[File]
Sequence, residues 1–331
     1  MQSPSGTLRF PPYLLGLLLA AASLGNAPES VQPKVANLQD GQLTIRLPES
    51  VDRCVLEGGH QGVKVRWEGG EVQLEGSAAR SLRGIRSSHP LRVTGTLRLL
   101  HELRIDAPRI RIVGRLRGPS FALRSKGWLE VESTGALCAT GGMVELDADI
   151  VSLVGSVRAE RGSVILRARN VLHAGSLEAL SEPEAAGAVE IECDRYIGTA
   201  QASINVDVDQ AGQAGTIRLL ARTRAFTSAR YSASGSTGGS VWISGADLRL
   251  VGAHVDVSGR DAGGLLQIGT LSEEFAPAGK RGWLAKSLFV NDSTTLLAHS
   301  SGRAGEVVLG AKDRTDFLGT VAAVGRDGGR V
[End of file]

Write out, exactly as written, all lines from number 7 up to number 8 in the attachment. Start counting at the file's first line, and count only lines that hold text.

   251  VGAHVDVSGR DAGGLLQIGT LSEEFAPAGK RGWLAKSLFV NDSTTLLAHS
   301  SGRAGEVVLG AKDRTDFLGT VAAVGRDGGR V